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T
Posted: Sun Nov 21, 2004 4:29 am
 
I have some bottles of those airplane size containers of Alcohol.

They are at least 10 years old.

Are they still drinkable? Or does it spoil?
I have such things like, gin, vodka, cognac, etc.

Does it matter if I opened them or not?
Does it spoil once opened? (and left open)

I also have some wine that I bought back in 1990.
Does wine expire?

Thanks
 
Gunther Anderson
Posted: Sun Nov 21, 2004 5:23 pm
 
T wrote:

Quote:
I have some bottles of those airplane size containers of Alcohol.

How big are these airplanes? A Cessna is considerably less than a
C-130, for instance.

Quote:
They are at least 10 years old.

Are they still drinkable? Or does it spoil?
I have such things like, gin, vodka, cognac, etc.

Does it matter if I opened them or not?
Does it spoil once opened? (and left open)

I'm too lazy to paraphrase most of this, so I'll post the link to my site:

http://www.guntheranderson.com/liqueurs/storage.htm

The shortt answer is, sufficiently strong alcohol doesn't spoil in any
sense that you mean. Alcohol is a disinfectant, and happily kills any
microorganisms that try to set up housekeeping. So sufficiently strong
alcohol does not rot. However, it certainly goes stale. Air exposure
of any sort will kill the flavor of alcohol. Smaller bottles are more
susceptible to oxidation, because there's simply less liquid to absorb
the oxygen. However, I've had "nip" bottles of vodka upwards of a few
years old that had shown no particular problems.

So the answer is, they're definitely drinkable, and they will not harm
you any more than fresh alcohol will. However, they may no longer taste
like they originally did. Nips are made for quick consumption, not
storage. Distilled liquors in general aren't intended for storage,
since they do not benefit fro mit, unlike wine.

Quote:
I also have some wine that I bought back in 1990.
Does wine expire?

Some wine gets much better with time. Some wine gets much, much worse.
Any wine with a cork problem has undoubtedly gotten worse. I don't
drink wine much, but I had a dozen bottles which had been stored poorly
that I decided to consume or toss. A good half of them were undrinkably
bad (they hadn't rotted, but the oxidation made them taste nasty)
because of leaks around the cork. The rest were reasonable, but none of
them were really good wine in the first place. So none of them were
exceptionally good.

So, like the liquors abve, the wine won't kill you, but might taste
nasty. Pop it open, give it a shot, and don't feel obligated to drink
it if it's not good. Life's too short to consume bad-tasting things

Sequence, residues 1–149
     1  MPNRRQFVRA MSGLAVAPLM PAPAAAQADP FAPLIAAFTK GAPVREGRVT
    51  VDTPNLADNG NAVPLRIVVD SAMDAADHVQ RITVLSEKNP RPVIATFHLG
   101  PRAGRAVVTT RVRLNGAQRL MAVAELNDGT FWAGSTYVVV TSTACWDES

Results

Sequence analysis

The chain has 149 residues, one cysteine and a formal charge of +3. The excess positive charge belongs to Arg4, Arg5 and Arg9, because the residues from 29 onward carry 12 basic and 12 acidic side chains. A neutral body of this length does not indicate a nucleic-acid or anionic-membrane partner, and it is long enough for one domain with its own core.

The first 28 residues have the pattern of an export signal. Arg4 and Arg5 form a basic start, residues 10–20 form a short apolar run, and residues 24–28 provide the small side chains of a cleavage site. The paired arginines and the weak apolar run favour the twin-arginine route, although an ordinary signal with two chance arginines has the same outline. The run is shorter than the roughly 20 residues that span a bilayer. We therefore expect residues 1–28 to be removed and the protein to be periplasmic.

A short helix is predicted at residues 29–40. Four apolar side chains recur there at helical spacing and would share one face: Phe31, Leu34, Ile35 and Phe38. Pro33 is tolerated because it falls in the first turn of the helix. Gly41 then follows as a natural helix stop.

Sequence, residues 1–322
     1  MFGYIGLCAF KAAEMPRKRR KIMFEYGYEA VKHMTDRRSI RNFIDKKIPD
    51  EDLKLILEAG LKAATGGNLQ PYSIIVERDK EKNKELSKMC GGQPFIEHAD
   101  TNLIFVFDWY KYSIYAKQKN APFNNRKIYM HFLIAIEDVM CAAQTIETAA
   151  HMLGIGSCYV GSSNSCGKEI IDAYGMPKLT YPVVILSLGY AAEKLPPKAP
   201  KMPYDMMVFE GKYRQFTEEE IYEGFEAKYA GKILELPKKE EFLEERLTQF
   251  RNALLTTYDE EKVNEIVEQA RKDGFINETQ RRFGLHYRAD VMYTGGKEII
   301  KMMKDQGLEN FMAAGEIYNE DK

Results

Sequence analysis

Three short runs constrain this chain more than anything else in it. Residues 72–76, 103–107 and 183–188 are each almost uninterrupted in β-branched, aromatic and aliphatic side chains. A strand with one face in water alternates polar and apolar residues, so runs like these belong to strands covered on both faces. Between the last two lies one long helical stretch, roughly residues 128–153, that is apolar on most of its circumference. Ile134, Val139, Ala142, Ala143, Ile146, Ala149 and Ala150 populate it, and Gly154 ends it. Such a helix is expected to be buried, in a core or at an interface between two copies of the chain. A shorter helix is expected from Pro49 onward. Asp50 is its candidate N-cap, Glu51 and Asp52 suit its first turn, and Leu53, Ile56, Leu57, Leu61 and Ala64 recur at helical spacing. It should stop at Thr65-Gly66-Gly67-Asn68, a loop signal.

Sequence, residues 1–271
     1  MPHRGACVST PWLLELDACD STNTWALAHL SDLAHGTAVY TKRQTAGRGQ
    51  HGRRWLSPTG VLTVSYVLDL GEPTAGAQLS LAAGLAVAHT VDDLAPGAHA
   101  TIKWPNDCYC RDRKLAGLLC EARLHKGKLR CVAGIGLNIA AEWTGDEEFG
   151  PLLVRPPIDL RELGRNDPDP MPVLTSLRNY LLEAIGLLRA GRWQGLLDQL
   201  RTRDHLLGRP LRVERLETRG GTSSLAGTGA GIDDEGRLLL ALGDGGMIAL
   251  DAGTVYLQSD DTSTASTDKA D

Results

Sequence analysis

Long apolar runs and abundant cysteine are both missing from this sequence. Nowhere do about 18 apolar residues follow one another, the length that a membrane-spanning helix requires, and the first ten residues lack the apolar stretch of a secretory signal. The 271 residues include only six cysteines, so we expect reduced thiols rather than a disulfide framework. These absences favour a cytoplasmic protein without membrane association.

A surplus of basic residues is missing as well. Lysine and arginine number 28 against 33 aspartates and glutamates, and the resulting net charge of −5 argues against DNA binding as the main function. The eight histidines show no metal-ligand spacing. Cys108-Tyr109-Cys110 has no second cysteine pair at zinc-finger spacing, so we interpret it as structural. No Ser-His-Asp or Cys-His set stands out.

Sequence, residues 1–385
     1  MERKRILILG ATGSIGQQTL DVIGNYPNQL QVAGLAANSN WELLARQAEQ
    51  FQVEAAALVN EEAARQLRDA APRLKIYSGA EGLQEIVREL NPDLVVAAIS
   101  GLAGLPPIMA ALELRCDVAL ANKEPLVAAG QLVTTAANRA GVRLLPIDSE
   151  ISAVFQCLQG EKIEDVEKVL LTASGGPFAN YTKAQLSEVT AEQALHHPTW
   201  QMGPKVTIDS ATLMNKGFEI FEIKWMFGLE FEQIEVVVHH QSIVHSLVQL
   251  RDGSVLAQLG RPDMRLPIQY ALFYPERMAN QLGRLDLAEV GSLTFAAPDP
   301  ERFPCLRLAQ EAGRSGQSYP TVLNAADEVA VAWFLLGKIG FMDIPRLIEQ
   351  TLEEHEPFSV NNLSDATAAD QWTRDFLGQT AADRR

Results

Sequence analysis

just because you paid for them.

Gunther Anderson
 
X.
Posted: Sun Jan 09, 2005 3:10 pm
 
Gunther Anderson <gunther@guntheranderson.com>, essendo finito in un
fosso in una curva a 20 all'ora, così bestemmia:

Quote:
Air exposure
of any sort will kill the flavor of alcohol.

Could you tell me if a bottle of a strong alcoholic beverage (such as,
say, brandy) could last about a century if it had NEVER been opened?
Are the corks of these bottles usually good enough for that?






Ciao!
--

\\//
//\\ o (22,170/184,VA)
 
Gunther Anderson
Posted: Sun Jan 09, 2005 5:09 pm
 
X. wrote:
Quote:
Gunther Anderson <gunther@guntheranderson.com>, essendo finito in un
fosso in una curva a 20 all'ora, così bestemmia:

Air exposure
of any sort will kill the flavor of alcohol.

Could you tell me if a bottle of a strong alcoholic beverage (such as,
say, brandy) could last about a century if it had NEVER been opened?
Are the corks of these bottles usually good enough for that?

I can't say with any certainty. I don't work with commercial brandy.
But, if stored like wine (keep the bottle on its side so the cork
remains wet, keep out of sunlight, keep the temperature fairly
constant), I don't see any reason why a bottle of brandy shouldn't be as
good now as it was a century ago. It won't be any better, but it might
not have gone stale.

Gunther Anderson
 
X.
Posted: Mon Jan 10, 2005 1:11 pm
 
Gunther Anderson <gunther@guntheranderson.com>, essendo finito in un
fosso in una curva a 20 all'ora, così bestemmia:

Quote:
I can't say with any certainty.

Yeah, I think it's difficult to tell, and I guess it depends on the
bottle. My Grand Marnier bottle doesn't have the same cork my Bols
Blue Curaçao has, for instance...

I asked you so because I heard there are collectors of vintage (or
disappeared) spirits, like pre-ban Absinthe (which usually dates back
to 1910-1915, so it can be more than 90 years old). I was just
wondering whether those bottles are just good for a collection or can
be significantly similar to what the liquid tasted like back then Smile.
There would be the problem about the storage conditions, as well...
for such an old bottle, they could be mostly unknown (or anyway you'd
have to trust the seller, which is the same concept...), so it would
be reasonable to assume that no particular care has been addressed,
averagely, to the storage (exposure to high temperatures for
instance).




Ciao!
--

\\//
//\\ o (22,170/184,VA)
 
 
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